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Why the chemical sector needs so much hydrogen
Hydrogen Compass: industry requires a lot of energy, but also manufactures products from the same fossil fuels
  • In Germany, chemical industry has highest demand for hydrogen
  • Germany’s need for hydrogen could rise six-fold by 2045
  • Green hydrogen can easily replace grey hydrogen as basic material
  • Chemical industry enjoys priority
  • Biomethane could actually turn plastics into carbon sinks

Whether as seasonal energy store or great white hope for zero-emissions aviation, hydrogen has long become an integral component of carbon neutrality. Furthermore, hydrogen is already an important commodity in the chemical sector. At present, this branch of industry is by far Germany’s biggest hydrogen user. According to the Hydrogen Compass, the country’s chemical plants consumed 1.1 megatons (MT) of this gas in 2021. This translates into 37 terawatt hours (TWh) of energy and accounts for about two-thirds of the hydrogen used in Germany.

A roadmap for the hydrogen economy

Based on data from the Hydrogen Compass task force, the chemical industry’s need for hydrogen could rise to over 220 TWh before contractually agreed carbon neutrality is achieved in 2045. The team consists of experts from the Chemical Engineering and Biotechnology Society (DECHEMA) and the National Academy of Science and Engineering (acatech), who have been tasked with designing a roadmap for building the hydrogen economy.

The project has received 4.25 million euros in subsidies from the budget of the German Ministry for Education and Research and the German Ministry for Economic Affairs and Climate Action. The scientists have been charged above all with evaluating existing studies in order to give players in business, administration and politics a shared understanding of the potential future look of the hydrogen economy and of the steps required to create it.

Chemicals produce 15 percent of German CO2 emissions

One of the areas addressed by the project is the chemical industry. According to the Hydrogen Compass, it accounts for annual greenhouse gas emissions of around 112 metric tons of CO2 equivalent, not including refineries. This represents approximately 15 percent of Germany’s total emissions, although the sector is only responsible for roughly seven percent of aggregate energy consumption.

The apparent mismatch of energy demand and emissions can be traced back to the use of fossil fuels as basic material. The chemical industry uses coal, oil and gas not just to produce energy, but also breaks these resources down into their elements ­ primarily carbon and hydrogen in order to recompose them. This is how the sector produces basic materials such as ammonia and methanol, which are then further processed into plastics and artificial resins, fertiliser and paints, personal hygiene products, cleaning agents and medicine.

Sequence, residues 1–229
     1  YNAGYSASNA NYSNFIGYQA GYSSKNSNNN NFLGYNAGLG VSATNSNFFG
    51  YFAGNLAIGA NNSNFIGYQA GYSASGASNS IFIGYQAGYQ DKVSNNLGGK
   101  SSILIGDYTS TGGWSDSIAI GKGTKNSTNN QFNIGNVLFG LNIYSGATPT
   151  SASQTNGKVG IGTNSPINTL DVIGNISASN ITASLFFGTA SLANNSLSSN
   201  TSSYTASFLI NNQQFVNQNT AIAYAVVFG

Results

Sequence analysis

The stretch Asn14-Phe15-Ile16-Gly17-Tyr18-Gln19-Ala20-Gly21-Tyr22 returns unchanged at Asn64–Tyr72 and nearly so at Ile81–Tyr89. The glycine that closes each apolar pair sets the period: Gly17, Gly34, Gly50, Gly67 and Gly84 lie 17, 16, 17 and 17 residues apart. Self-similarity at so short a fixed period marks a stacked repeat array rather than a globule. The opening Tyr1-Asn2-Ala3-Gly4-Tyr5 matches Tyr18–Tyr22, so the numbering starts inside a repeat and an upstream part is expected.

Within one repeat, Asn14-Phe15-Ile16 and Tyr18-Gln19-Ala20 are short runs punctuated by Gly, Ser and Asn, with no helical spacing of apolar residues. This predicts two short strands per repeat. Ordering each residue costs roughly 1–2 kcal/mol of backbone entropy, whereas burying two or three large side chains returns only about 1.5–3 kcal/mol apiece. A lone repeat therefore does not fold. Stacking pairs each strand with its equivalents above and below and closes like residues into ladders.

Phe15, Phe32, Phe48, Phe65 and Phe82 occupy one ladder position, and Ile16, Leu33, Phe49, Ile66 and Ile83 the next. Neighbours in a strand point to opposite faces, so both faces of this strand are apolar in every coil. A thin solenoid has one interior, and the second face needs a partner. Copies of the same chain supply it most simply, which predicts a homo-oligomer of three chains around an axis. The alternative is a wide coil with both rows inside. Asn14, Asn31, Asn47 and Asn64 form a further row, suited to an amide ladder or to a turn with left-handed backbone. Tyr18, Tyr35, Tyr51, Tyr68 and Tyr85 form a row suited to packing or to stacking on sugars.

Share accounted for by fossil fuels

in per cent, source: Hydrogen Compass

All these products contain fossil fuels, with some even consisting entirely of them. According to the Hydrogen Compass, greenhouse gases resulting from combustion or consumption at the end of the production cycle account for half of the sector’s emissions. Additional greenhouse gases are produced from various conversion processes.

Green hydrogen is key to a sustainable chemical sector

Therefore, even if the chemical sector sourced its energy solely from sustainable sources, it would not even be able to cut its emissions in half. The inverse conclusion is that the chemical industry could more than halve its emissions by switching from fossil (grey) to sustainable (green) hydrogen.

To date, hydrogen is produced nearly exclusively from fossil fuels. Germany’s share of roughly five percent hydrogen from renewables puts the country in quite a commendable position on the international playing field.

Hydrogen Colour Scheme Explainer


Pure hydrogen is conventionally obtained from natural gas. The carbon dioxide resulting as a by-product is released into the atmosphere.


The greenhouse gases resulting from grey hydrogen production are captured and stored permanently.


Natural gas is broken down by methane pyrolysis. Instead of carbon dioxide, this precipitates solid carbon, which is stored permanently. As with blue hydrogen, the degree of emission neutrality depends on the source of the energy used.